• BlackBerry Messenger – Also known as BBM, this instant messaging feature has been a favorite among BlackBerry users of yore. Now BBS features video chat. If you’re familiar with Google Chat, you’ll recognize the way it looks and works. Now BBM users are able to tap an icon that launches a video chat session with online friends. Video chat with screen sharing is available, too. Whether that’ll will be useful or screen that’s 4.2 inches or for use in corporate collaborations is up for debate — presumably it’s intended for an upcoming BlackBerry 10 tablet. But imagine collaborating on a spreadsheet using this feature.  



  • Classic BlackBerry Fonts and Keyboard – The BlackBerry10  keyboard is more or less the same. Gestures, keywords and flick typing are integrated.  The flick feature allows for faster typing of words you type in most frequently. When a word suggestion displays on the keyboard, you flick the word in the message body to complete the phrase.  This looks to be slightly faster than tapping suggested words as most keyboards do today, but the proof will be in the hands-on review.  Below, check out a screen showing suggested terms displaying on the keyboard. The keyboard also allows for seamless multi-language plugins.



As for the new BlackBerry devices, here’s the skinny. The Z10 is an all touchscreen device with a 4.2 inch display. The Q10 includes a 3.1 inch display and a physical QWERTY keyboard. Why? Because most BlackBerry fans refuse to move onto a different brand because there was no physical keyboard.  Depending on your global location, these devices are already available. The US release dates are still being negotiated with the carriers, but are expected in March with a price of around $149.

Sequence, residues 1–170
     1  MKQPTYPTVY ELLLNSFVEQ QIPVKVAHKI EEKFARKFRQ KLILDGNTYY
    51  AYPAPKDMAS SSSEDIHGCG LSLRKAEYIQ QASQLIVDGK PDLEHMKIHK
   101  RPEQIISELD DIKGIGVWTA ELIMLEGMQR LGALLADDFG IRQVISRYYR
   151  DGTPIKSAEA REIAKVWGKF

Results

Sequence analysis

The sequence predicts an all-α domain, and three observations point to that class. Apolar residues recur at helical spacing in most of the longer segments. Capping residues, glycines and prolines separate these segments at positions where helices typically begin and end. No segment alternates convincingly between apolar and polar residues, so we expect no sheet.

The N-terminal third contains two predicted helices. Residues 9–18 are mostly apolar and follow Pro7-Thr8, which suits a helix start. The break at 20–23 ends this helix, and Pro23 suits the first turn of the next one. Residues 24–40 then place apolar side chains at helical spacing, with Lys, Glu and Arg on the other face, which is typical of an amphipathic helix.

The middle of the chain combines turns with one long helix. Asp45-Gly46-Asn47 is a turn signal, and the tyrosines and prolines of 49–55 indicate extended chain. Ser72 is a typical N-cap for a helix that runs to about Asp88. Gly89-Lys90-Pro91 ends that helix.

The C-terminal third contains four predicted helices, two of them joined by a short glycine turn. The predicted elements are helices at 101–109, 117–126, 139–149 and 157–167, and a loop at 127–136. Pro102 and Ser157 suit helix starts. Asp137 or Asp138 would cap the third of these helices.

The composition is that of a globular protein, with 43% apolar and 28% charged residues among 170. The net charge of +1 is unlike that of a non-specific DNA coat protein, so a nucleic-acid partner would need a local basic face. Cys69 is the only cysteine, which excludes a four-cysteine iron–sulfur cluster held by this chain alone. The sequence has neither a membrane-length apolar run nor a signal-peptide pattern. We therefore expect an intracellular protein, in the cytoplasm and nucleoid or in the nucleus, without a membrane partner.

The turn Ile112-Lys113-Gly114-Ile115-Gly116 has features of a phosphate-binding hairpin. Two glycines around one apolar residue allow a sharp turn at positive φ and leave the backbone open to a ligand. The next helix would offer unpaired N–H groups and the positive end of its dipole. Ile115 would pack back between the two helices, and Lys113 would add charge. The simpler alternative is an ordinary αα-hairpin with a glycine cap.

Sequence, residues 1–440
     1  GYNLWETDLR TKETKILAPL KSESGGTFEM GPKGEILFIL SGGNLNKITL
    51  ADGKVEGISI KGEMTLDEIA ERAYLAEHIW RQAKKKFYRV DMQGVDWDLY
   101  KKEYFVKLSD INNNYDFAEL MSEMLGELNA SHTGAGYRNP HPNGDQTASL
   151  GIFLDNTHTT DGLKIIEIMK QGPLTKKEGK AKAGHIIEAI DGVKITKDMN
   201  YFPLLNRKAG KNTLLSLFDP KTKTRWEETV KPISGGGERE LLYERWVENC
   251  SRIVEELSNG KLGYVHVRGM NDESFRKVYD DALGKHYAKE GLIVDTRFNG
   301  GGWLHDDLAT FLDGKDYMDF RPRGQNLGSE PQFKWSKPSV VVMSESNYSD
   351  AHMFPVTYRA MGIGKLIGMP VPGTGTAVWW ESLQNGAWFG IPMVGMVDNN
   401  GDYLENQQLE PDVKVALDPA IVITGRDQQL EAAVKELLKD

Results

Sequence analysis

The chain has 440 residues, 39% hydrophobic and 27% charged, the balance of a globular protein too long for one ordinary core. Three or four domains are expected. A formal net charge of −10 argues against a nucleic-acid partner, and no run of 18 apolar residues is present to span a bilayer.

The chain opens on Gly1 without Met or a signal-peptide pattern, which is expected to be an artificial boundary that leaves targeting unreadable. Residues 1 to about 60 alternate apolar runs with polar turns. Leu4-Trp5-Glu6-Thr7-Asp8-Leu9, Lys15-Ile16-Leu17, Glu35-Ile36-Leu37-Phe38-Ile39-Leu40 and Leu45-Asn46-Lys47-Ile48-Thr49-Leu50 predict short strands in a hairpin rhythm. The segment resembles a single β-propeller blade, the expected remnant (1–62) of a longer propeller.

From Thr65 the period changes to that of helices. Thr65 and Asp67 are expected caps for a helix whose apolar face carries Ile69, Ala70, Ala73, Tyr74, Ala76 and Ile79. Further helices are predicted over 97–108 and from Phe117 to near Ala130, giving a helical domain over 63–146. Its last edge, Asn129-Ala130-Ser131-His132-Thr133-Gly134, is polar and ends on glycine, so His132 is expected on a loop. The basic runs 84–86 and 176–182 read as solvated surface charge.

The new BlackBerry World app store touts 70, 000 apps available which include popular apps Angry Birds, SAP, Skype and Amazon’s Kindle app — with 100K apps as the target.

What’s clear is that BlackBerry is out for reinvention and, as BlackBerry CEO Thorsten Heins stated in his explanation of why the firm renamed itself after its flagship product,  “It is one brand. It is one promise. Our customers use the BlackBerry. Our employees work for BlackBerry. And our shareholders are owners of BlackBerry. ”

Hardcore BlackBerry fans likely will be psyched with the announcement and changes. I will follow this up with a deep dive BlackBerry 10  review and analysis. For now, call me jaded, but it’ll take a lot to get lost BlackBerry users back from the Apple iOS and Google Android based devices they’ve moved to. Celebrities and consumer aspirations aside, BlackBerry will have to depend on the enterprise to have any hope of life beyond today, just as Microsoft pivots off of its Office products.

It’s contract season for some consumers. Tell me about it. Are you going to take a chance on the BlackBerry smartphones coming this spring?

For, I’m Ant Pruitt.r

Our Chris Miller did a hands on with BlackBerry10. Find the full story on the site as soon as we post it — and check out Miller’s hands-on video as embedded below.

Find all of my stories here.


Image Credit: a real life blackberry by De-okin via Wikimedia Commons